Despite the differences between the independent promotion and the WWE, the business remains essentially the same. One of the key points of professional wrestling, which has garnered widespread discussion among alpha-males, is that the business is “fake.” Indeed, the matches in professional wrestling are set with predetermined outcomes and many of the strikes are pulled in order to protect the opponents, but Hope makes it clear that there’s a major difference between being fake and scripted.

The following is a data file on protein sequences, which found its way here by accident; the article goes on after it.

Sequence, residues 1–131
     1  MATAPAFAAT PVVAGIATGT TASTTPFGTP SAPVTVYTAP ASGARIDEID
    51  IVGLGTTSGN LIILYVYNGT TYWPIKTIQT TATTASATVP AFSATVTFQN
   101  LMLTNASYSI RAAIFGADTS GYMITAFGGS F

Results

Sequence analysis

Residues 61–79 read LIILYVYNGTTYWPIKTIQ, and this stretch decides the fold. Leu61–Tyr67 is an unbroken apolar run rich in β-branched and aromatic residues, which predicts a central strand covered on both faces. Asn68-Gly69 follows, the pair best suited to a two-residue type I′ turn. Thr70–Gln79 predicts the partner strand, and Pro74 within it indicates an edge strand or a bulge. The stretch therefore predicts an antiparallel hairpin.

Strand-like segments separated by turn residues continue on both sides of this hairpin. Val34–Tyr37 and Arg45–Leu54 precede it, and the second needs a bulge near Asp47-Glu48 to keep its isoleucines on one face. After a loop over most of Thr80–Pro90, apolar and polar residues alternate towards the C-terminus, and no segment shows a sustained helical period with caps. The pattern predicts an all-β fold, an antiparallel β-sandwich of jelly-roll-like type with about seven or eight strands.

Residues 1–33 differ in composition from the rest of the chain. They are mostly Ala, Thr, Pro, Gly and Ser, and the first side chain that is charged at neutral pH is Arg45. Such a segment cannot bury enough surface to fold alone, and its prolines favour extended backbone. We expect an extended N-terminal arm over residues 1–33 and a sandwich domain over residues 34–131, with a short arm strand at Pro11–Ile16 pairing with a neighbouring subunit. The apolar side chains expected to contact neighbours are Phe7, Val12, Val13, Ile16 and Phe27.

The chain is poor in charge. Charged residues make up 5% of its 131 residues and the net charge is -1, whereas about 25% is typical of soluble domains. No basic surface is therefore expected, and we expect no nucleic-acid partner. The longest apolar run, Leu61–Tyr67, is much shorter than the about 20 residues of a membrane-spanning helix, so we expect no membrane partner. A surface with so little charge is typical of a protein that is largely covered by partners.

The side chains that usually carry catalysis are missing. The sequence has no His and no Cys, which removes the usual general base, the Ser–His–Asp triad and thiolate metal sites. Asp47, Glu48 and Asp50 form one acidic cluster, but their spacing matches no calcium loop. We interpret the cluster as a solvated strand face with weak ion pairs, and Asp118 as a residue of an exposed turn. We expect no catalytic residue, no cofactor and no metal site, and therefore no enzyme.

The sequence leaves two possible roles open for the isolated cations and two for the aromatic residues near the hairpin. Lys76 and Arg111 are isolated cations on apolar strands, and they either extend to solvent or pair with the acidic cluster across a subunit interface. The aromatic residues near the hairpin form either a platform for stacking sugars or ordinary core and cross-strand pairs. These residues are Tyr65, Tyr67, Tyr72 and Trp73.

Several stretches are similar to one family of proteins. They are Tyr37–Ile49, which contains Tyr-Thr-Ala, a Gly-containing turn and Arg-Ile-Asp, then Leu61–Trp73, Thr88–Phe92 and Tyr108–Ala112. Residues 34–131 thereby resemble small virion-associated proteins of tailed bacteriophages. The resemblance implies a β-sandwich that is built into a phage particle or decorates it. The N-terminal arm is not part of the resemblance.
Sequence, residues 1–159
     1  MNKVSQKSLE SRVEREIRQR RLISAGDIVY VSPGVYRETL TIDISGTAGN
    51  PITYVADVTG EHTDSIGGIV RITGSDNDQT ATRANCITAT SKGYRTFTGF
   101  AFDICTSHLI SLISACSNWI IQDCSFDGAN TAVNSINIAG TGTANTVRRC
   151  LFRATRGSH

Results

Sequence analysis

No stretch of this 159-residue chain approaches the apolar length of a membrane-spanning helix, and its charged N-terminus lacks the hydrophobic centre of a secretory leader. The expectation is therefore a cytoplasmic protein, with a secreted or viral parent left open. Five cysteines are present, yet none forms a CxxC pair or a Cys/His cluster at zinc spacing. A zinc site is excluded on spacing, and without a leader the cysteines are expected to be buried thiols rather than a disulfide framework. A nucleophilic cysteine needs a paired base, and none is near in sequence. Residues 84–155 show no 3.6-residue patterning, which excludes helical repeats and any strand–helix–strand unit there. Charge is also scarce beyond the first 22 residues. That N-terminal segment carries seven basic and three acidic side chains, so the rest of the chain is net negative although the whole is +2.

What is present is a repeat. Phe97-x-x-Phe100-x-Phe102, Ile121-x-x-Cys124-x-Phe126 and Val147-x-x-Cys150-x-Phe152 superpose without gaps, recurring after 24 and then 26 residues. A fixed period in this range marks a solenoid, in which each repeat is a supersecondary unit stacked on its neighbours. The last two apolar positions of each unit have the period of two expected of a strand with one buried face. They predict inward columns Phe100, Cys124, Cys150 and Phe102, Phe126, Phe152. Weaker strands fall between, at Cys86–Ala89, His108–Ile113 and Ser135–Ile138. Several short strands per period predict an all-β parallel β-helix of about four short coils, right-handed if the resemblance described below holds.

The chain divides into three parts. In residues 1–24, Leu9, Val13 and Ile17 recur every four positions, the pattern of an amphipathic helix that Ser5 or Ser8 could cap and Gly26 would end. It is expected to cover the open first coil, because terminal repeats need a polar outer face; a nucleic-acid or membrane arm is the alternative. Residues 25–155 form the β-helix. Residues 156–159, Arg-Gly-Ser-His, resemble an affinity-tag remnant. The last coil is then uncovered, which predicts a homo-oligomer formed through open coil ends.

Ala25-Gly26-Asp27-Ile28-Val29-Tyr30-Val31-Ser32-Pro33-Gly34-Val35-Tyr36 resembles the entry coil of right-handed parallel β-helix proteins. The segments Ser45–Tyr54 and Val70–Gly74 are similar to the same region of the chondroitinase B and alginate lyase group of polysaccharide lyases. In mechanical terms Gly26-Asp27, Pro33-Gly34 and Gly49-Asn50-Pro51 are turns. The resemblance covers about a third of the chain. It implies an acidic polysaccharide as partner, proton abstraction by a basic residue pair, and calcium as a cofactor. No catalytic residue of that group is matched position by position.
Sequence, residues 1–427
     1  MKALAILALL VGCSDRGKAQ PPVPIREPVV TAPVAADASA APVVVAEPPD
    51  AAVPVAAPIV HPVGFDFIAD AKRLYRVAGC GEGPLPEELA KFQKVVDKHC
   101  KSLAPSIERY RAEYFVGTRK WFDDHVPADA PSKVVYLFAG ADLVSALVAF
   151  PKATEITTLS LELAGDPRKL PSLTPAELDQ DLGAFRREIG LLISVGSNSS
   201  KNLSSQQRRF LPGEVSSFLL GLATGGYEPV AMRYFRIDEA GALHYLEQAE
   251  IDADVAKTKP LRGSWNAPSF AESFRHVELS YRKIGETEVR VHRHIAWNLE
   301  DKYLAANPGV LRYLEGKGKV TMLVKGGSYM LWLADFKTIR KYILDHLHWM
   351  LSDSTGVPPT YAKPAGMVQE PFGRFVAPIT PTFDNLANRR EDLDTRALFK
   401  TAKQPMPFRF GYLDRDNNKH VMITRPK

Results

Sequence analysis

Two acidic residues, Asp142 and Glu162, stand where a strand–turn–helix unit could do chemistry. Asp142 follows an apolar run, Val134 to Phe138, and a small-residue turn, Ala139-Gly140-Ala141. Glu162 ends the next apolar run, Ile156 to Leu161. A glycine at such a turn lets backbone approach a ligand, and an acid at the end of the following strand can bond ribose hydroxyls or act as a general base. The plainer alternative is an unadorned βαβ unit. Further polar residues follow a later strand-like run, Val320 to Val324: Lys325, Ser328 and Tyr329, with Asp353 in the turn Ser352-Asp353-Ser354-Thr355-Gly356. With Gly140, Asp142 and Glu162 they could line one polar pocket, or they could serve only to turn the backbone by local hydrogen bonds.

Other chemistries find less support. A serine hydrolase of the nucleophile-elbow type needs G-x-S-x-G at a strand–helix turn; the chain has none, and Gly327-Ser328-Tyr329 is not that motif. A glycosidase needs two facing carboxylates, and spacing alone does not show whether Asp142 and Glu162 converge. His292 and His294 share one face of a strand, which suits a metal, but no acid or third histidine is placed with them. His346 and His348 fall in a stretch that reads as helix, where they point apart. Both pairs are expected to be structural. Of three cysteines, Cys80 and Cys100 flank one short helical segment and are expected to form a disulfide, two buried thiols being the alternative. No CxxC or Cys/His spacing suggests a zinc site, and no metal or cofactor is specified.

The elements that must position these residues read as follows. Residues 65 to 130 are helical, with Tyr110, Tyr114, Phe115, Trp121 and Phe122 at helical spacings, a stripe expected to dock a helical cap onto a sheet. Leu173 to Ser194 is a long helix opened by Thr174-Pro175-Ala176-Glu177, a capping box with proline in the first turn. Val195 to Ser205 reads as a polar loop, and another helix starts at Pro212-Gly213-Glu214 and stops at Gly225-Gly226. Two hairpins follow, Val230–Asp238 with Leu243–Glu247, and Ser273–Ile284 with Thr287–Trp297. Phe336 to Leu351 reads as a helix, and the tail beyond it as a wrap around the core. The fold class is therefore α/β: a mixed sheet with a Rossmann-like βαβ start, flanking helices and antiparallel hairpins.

“Of course the matches are predetermined,” Hope says. “If you and I were going to have a match, we’d know who was going to win before we walked out there. How we get to that desired outcome? That’s on us. You will decide what you do to me, I will decide what I do to you. Maybe we’re given a time limit, maybe we’re not. We could be the main event, we could be the opening match. We just kind of go with the flow and deal with the hand that we’re dealt. I’ve had 3 to 4 minute matches and absolutely despised them, I’ve had 11 to 12-minute matches and absolutely despised them. I’ve had 3 to 4 minute matches and loved them, 11-12 minute matches and loved them. Depends on who you face, depends on the creativity you employ. The creativity is left up to the competitors.